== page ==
A new study from Oregon’s Health and Science University shows that, between the years 2000 and 2020, reports filed with poison control centers for the use of marijuana by children and teenagers rose by 245 percent.
According to ABC News’ report, the study involved the analysis of over 330,000 reports from the National Poison Data System over the previous two decades, which determined that marijuana use saw greater increases over this period than any other substance. The largest increase in the use of marijuana occurred between 2017 and 2020.
Alok Patel, a pediatrician at Stanford Children’s Health, said that the ease of availability for marijuana could be one cause in the spike, pointing out that “Marijuana is readily accessible, in multiple forms, whether at a store, from a friend or relative, or online.”
Conversely, alcohol use decreased over the same period of time before being overtaken by marijuana use in 2014.
Of the different possible forms of marijuana, edibles were responsible for the highest increase in calls to poison control centers; dextromethorphan, which is used in cough medicine, was responsible for the highest number of overall cases over the 20-year period, making up 15 percent of all reports. Marijuana use calls reached their highest level in the years between 2018 and 2020.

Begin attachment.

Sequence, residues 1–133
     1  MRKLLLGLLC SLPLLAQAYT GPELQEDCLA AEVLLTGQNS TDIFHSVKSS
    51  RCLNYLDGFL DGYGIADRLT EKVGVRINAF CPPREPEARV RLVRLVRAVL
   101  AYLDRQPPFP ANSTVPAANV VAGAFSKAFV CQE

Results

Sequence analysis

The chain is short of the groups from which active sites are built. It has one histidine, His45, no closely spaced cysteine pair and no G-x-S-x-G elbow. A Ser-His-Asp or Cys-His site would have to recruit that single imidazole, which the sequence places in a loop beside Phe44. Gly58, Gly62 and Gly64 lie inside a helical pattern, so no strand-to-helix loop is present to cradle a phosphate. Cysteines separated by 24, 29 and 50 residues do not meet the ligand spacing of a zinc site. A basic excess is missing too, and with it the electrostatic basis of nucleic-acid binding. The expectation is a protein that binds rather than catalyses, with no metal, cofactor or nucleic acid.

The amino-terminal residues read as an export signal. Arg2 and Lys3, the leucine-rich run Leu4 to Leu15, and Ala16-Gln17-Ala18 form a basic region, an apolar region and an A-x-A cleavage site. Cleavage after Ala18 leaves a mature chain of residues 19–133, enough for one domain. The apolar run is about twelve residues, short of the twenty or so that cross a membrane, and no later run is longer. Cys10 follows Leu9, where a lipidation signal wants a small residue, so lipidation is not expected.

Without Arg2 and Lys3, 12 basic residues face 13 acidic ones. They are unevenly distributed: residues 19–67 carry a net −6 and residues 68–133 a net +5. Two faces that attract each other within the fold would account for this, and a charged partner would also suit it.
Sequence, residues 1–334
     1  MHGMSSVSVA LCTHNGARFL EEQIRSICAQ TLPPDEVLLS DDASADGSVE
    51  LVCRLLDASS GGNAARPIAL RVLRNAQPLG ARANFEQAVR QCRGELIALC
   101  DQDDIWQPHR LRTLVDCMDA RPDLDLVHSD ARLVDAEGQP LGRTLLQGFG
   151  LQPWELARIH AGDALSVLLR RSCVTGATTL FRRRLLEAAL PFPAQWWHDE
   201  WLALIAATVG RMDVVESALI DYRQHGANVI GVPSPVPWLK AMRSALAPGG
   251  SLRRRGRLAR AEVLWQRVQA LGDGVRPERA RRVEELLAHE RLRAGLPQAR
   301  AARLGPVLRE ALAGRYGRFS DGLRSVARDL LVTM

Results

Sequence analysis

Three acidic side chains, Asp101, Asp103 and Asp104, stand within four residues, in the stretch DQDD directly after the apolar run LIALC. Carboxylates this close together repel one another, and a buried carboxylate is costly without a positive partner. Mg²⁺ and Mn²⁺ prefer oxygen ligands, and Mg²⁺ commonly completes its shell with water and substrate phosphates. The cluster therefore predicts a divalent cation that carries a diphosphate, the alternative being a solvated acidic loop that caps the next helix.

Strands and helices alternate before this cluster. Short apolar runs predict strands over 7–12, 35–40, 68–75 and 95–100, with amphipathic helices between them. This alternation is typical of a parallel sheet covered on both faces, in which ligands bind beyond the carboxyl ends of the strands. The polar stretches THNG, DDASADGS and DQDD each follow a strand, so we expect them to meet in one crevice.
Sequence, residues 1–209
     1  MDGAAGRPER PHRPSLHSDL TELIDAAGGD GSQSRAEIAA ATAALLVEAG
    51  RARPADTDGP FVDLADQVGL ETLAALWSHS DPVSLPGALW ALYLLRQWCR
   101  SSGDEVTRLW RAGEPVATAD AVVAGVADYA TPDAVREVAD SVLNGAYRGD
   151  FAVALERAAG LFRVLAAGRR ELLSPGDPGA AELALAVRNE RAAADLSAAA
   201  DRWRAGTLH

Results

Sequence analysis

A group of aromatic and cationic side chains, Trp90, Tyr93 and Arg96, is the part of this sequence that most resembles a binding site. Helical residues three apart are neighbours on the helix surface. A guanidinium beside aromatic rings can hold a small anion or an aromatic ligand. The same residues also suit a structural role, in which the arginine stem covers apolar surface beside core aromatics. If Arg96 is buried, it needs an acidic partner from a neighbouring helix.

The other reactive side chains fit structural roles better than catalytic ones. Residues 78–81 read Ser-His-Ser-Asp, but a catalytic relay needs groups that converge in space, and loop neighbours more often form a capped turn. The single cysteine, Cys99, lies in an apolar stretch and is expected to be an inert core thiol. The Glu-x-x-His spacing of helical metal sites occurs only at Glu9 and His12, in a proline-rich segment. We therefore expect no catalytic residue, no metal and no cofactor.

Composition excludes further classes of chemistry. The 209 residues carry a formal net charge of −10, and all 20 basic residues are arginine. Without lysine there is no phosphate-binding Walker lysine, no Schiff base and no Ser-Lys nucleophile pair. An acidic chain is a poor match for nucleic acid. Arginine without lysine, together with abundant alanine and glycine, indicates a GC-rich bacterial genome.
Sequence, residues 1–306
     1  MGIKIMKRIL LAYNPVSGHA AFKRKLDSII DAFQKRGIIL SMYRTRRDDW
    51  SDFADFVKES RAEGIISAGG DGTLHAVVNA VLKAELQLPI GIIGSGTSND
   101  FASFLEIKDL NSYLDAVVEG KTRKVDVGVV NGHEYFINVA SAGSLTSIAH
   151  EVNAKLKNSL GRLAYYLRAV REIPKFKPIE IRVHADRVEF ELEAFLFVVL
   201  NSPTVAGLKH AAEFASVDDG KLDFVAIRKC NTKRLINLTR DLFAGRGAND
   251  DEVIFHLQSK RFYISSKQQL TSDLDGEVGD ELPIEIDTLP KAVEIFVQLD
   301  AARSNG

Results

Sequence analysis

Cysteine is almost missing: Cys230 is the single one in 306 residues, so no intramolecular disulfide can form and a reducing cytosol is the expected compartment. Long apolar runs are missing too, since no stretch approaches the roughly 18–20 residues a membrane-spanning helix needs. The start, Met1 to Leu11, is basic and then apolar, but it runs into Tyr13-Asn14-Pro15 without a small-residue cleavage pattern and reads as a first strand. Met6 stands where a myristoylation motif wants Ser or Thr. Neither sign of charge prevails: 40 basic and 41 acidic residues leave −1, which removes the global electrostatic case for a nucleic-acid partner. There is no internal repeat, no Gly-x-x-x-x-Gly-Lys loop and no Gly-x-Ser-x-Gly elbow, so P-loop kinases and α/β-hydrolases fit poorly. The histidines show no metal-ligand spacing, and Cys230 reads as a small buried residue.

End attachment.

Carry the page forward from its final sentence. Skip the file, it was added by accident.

The study also reported that the most affected demographic are males between the ages of 16 to 18, regardless of the substance involved.
Researchers suggested that the spike in the years 2017 to 2020 could be the result of the nationwide efforts to legalize marijuana in many different states during those years.
“These are important conversations that need to happen alongside conversations about legalizing marijuana,” Patel added. “While it is true that other substances are far more dangerous when ingested, this doesn’t mean marijuana is harmless… We still have a lot to learn about the long-term effects of marijuana use in the developing adolescent brain.”